As I’ve mentioned recently, we’re packing up and getting ready to move to Texas. Part of our pre-move preparation is repairing and replacing things that need it. I decided to tackle one of these tasks this afternoon–replacing a set of window blinds in the twins’ room.
Let it be know that this is not the first time I’ve done this (you know where this is going, don’t you!). But if you’d been here to see the aggravation that ensued from dealing with this one set of blinds, you would never know I had done this before!
There were a number of things that all worked in tandem against me. First of all, I thought that I could use the brackets from the old set of blinds to hang the new ones–WRONG! The blinds I bought to replace these were said to fit the window size, but they were about 1/2 an inch too short to reach on either side, so the blinds would easily come crashing down if you tried to raise or lower them. In addition, the old brackets had to be removed and new ones installed closer together to compensate for the half-inch decrease. So instead of being able to use already-installed brackets, I had to attach the new ones to the top of the window inset instead of the side. It was nearly IMPOSSIBLE to turn a screw without scraping my knuckles on the trim!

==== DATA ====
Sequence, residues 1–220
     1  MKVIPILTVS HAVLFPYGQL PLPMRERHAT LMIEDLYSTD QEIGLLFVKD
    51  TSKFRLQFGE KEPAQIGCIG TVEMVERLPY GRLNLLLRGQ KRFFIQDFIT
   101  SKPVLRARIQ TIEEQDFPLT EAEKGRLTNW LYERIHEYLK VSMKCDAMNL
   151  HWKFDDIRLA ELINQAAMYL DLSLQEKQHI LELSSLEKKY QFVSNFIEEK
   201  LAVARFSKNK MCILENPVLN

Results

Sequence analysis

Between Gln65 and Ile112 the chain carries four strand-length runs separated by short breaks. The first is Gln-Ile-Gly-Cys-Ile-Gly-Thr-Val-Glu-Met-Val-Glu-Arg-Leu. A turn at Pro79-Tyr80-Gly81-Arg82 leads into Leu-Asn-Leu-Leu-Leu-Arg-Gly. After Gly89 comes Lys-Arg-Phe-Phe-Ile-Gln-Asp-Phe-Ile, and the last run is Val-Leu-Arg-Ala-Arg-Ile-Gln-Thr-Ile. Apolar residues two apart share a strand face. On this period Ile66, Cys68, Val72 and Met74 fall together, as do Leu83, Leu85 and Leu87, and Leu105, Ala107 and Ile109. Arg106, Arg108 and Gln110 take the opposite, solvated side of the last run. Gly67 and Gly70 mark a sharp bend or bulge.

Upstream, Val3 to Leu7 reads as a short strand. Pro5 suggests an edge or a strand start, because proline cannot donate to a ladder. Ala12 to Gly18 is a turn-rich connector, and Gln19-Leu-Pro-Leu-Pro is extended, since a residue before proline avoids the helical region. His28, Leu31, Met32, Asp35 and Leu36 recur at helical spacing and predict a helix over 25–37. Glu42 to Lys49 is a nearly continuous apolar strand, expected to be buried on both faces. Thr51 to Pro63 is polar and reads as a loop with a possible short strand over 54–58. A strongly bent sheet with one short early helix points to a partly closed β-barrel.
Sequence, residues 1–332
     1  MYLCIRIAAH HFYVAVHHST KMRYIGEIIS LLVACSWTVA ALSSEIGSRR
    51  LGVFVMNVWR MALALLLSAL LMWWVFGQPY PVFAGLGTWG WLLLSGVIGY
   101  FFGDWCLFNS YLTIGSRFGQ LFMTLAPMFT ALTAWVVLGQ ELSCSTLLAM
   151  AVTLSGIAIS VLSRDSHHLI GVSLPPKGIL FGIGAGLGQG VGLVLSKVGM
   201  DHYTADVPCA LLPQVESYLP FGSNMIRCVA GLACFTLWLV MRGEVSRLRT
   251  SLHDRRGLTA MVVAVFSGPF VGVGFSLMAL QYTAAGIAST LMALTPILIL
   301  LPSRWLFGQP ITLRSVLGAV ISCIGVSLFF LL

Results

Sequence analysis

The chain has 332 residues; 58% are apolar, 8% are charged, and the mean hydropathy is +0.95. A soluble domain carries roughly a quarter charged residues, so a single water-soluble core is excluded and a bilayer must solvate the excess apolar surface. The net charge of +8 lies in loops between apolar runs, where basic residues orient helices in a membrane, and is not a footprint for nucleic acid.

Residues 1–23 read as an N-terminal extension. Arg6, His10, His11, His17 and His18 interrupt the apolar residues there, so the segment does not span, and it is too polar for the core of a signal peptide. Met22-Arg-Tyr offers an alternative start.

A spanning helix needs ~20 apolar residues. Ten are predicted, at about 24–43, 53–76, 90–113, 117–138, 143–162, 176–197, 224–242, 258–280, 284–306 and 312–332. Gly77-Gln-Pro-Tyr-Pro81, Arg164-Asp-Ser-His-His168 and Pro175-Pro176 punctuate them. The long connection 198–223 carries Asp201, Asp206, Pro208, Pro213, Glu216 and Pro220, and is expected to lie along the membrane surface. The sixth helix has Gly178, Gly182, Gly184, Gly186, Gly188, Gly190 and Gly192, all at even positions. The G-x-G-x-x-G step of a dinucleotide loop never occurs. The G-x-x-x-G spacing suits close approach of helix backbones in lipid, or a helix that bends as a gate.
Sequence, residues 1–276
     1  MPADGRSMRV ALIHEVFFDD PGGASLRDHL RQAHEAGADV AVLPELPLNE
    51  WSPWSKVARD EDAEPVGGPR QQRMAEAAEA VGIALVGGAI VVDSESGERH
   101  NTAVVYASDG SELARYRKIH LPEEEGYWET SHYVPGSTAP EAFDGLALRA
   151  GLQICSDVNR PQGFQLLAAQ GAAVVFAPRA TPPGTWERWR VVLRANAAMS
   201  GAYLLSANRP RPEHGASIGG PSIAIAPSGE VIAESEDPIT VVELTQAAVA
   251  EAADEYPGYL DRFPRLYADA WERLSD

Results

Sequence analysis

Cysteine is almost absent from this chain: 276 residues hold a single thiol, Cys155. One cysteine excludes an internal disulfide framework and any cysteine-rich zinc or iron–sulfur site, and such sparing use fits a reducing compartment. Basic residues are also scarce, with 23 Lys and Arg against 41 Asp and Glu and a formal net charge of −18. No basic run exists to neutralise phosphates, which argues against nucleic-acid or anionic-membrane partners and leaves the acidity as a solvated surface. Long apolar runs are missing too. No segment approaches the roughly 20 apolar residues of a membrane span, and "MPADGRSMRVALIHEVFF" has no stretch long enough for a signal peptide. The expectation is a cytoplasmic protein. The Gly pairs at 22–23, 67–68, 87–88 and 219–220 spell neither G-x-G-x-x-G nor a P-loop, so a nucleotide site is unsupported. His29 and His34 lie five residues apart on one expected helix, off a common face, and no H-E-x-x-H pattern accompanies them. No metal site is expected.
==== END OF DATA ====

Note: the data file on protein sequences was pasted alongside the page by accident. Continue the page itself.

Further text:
Second, I hadn’t used my drill in a while, so the battery was not charged. Ok, no big deal–a little elbow grease and a screwdriver should do the trick. WRONG! I think the frame underlying the window must have had a pine knot in it–the screws simply would not go all the way in on one side!
Third, after I mounted the new brackets, I tried to insert the blinds. The brackets were probably less than a centimeter too close together–the blinds would not slide in (and, yes, I measured!!!)! So, after having exerted a ridiculous amount of energy on two stinkin’ screws and numerous scrapes against the window trim (oh, did I mention I am 6″5′ and half-squatted in this window and it’s nearly dark outside?), I had to take the screws out just to move the bracket over that little bit.
Finally, after a couple of hours at it, I finally got the blinds installed. I can’t say that standing back looking at those blinds brought me any satisfaction, other than they were finally in. But thinking about it, there is a lesson to be learned here. I had all the right tools, but tools do not a handyman make! Thinking about it, this could apply to exegesis in general. Just because I have the tools and parts necessary for the job doesn’t mean that I am automatically qualified to be a handyman or carpenter. It’s the proper use of the tools, rightly understanding each part’s proper place and function in a particular task, and placing each part where it belongs that makes one a handyman, carpenter, or exegete. Translation? When approaching the text, we must trudge through the disconnect of time and culture to even begin to understand the Scriptures. I remember this simple statement from a professor in seminary—“Exegesis is hard work.” And so is installing blinds.
Αυτω η δοξα,